1. Eastman, Peggy

Article Content

WASHINGTON, D.C.-Up until recently, patients with advanced Merkel cell carcinoma (MCC) had little hope of a durable treatment for their rare, aggressive skin condition, which is considered more deadly than melanoma. Although stage IV MCC, which affects about 2,000 newly diagnosed U.S. patients each year, can be treated with chemotherapy, the responses are seldom durable, said Howard L. Kaufman, MD, Surgical Oncologist at Rutgers Cancer Institute of New Jersey and Professor of Surgery and Medicine at the Rutgers Robert Wood Johnson Medical School.

Merkel cell carcinom... - Click to enlarge in new windowMerkel cell carcinoma; AACR. Merkel cell carcinoma; AACR

So the approval of avelumab for advanced MCC by the FDA March 23, 2017, was good news for patients and oncologists, said Kaufman at the annual meeting of the American Association for Cancer Research (AACR), held April 1-5. This is the first-ever drug approved by the FDA for MCC; it was approved for treatment of metastatic MCC in adults and pediatric patients 12 years and older. The agency's accelerated approval is contingent upon confirmatory trials.


Patients With Merkel Cell

"This is a terrible disease," said Kaufman at a news briefing at the AACR meeting. "Avelumab monotherapy showed durable antitumor activity and manageable safety in patients with metatastic Merkel cell carcinoma that progressed after chemotherapy."


Avelumab targets the PD-L1 protein; the impetus for studying patients with MCC came from studies showing that PD-L1 is found in tumor samples from almost all patients who have MCC. It is "often associated with Merkel cell polyomavirus infection" and "exposure to UV light, advanced age, and immunosuppression elevate risk," noted Kaufman.


Because it is so rare, "this is a disease that oncologists don't see so much," said Kaufman. Therefore, it is important to get the word out so patients can have access to avelumab.


"MCC is an orphan disease," commented briefing moderator Suzanne Topalian, MD, Director of the Melanoma Program at the Sidney Kimmel Comprehensive Cancer Center at Johns Hopkins, Baltimore. "This is a disease primarily of older patients," with an average age of about 73. Although the immune systems of older people are frequently less competent, Topalian noted that the response of older patients to avelumab was good and it was relatively well-tolerated.


In fact, Kaufman said older patients responded just as well as younger patients to avelumab and, interestingly, they seemed to have somewhat fewer side effects than younger patients. "I think that age in and of itself should not be a contraindication for use of the drug," he noted. The most common side effects were fatigue and infusion reactions.


Results With Avelumab

Kaufman and his colleagues enrolled 88 patients with metastatic MCC who had progressed after treatment with chemotherapy in a multi-center, phase II clinical trial. All patients on the trial received 10 mg/kg avelumab as an IV infusion over 1 hour every 2 weeks. As shown in previously reported data, 28 patients had a response after 10.4 months of follow-up. Eight had a complete response and 20 had partial responses. The trial demonstrated that avelumab works in patients with highly mutated cancers typically caused by UV light and also in those with minimally mutated tumors triggered by the Merkel cell polyomavirus.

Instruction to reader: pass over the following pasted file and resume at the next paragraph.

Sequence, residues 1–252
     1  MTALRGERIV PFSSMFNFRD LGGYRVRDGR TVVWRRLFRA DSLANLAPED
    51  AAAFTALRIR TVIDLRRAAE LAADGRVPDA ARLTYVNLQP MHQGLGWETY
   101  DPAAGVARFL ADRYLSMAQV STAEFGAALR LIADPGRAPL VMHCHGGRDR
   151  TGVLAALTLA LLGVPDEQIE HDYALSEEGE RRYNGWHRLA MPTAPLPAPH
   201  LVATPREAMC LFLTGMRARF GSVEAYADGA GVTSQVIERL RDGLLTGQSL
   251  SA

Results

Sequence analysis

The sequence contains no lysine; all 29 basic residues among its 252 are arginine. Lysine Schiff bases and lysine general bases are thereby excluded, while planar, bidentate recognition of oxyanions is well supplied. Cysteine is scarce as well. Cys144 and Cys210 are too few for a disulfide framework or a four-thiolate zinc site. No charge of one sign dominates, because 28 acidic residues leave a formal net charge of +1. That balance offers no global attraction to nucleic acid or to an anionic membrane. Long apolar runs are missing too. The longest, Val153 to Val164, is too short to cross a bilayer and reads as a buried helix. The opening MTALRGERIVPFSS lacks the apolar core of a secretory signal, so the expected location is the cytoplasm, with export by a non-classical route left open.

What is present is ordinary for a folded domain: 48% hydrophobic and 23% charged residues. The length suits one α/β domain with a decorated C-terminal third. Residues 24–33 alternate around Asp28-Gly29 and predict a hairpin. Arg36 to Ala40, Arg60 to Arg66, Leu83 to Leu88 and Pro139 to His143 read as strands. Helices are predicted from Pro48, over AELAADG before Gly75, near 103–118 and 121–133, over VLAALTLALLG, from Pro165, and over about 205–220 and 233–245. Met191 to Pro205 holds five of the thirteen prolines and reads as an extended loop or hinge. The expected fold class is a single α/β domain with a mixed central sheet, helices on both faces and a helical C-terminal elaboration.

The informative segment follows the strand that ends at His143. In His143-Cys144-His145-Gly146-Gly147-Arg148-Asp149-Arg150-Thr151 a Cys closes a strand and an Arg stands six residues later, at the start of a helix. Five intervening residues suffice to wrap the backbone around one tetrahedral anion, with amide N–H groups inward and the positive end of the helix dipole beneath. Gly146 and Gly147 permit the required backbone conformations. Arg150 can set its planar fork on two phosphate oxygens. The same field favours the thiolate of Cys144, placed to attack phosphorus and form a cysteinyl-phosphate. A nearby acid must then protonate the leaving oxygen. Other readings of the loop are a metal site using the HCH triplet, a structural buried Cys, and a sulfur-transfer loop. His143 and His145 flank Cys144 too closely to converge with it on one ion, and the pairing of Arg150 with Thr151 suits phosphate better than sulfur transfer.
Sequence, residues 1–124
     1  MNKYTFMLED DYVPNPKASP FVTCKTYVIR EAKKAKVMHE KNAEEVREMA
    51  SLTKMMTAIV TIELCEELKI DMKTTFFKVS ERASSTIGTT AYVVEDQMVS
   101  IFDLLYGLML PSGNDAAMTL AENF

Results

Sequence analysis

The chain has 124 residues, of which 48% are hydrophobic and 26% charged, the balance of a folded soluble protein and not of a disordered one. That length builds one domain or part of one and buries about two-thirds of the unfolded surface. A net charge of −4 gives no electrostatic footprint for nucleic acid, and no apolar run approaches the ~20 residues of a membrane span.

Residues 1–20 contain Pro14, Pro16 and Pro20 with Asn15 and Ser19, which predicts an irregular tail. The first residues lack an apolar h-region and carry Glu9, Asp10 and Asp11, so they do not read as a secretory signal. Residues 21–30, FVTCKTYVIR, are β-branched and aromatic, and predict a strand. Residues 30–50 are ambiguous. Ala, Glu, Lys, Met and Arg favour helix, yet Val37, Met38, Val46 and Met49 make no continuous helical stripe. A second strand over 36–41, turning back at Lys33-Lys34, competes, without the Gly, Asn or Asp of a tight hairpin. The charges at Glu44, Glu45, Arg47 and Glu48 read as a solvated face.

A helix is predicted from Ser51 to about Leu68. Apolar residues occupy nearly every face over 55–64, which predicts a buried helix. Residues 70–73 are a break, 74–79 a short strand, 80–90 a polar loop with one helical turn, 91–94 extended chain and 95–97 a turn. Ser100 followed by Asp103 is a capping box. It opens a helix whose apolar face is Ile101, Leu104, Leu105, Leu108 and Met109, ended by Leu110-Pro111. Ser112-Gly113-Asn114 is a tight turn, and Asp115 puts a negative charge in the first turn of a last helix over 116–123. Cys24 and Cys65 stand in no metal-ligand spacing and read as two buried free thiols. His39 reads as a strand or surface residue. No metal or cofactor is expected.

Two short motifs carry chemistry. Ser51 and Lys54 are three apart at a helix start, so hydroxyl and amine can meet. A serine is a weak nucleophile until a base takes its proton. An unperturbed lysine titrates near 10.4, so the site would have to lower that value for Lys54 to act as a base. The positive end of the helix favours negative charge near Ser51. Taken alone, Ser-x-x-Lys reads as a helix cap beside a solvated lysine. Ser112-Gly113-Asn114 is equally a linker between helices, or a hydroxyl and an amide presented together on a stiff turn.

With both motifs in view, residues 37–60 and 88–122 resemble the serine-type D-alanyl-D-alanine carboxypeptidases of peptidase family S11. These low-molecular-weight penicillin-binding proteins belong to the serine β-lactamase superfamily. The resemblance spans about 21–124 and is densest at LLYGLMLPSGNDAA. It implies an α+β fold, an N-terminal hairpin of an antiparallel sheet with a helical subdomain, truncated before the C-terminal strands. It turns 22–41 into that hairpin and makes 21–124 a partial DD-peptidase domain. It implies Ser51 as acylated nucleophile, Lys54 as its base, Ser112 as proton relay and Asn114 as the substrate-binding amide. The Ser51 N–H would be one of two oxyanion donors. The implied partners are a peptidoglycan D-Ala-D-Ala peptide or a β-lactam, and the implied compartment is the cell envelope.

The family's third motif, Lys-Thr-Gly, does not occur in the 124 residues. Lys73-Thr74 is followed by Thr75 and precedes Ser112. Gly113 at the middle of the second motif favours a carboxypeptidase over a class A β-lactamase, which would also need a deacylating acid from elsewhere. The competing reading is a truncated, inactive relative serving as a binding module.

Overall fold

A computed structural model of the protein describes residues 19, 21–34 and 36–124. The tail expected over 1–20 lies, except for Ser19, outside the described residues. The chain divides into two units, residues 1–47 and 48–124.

At the AACR meeting, Kaufman reported on a longer follow-up; the number of MCC patients with a response increased to 29, for an overall response rate of 33 percent after a median of 16.4 months, which Kaufman called "quite remarkable." The number of patients with a complete response increased to 10, while another patient newly recorded to have a response had a complete response. When the data cutoff time occurred, 21 of the responses were ongoing and the median duration of response had not been reached. Kaufman and his team estimate that 74 percent of patients with metastatic MCC will have a response to avelumab that lasts 1 year or longer. He added that "maturing progression-free and overall survival data suggest long-term benefit in a proportion of patients."


During his presentation, Kaufman said avelumab is also being evaluated for other cancers. Asked by Oncology Times what those are, he named bladder, lung, gastric, ovarian, and renal cancers. "It does look like there is activity against other cancers," said Kaufman. But while avelumab is being studied in a variety of other cancers, he emphasized it has not been approved for such indications in the U.S., Canada, or elsewhere.


In a statement made available at the AACR meeting, an Oregon MCC patient treated with avelumab described what the drug has meant to him. Tom Judd received his first infusion of avelumab more than 2 years ago under the care of one of Kaufman's study co-authors, Paul Nghiem, MD, PhD, Director of the Skin Oncology Program at the Seattle Cancer Care Alliance and Head of Dermatology at the University of Washington. Judd's MCC, which initially appeared as a pimple-like bump on his face in 2012, had spread through his vital organs, and he and his family were preparing for a dismal prognosis.


But 6 weeks after Judd received his initial infusion of avelumab, a scan showed that 35 percent of his tumor had disappeared, and today it is 90 percent gone. "I feel very lucky, if that's a word that can be used, that I'm living in this time and in this area that this can even happen," said Judd, who feels well and enjoys working in his garden and babysitting his preschool-aged granddaughter. Judd still receives infusions of the drug every 2 weeks at the Seattle Cancer Care Alliance.


Nghiem called the latest response rates in the trial "extraordinarily durable," and said such treatment responses are "unheard of."


Peggy Eastman is a contributing writer.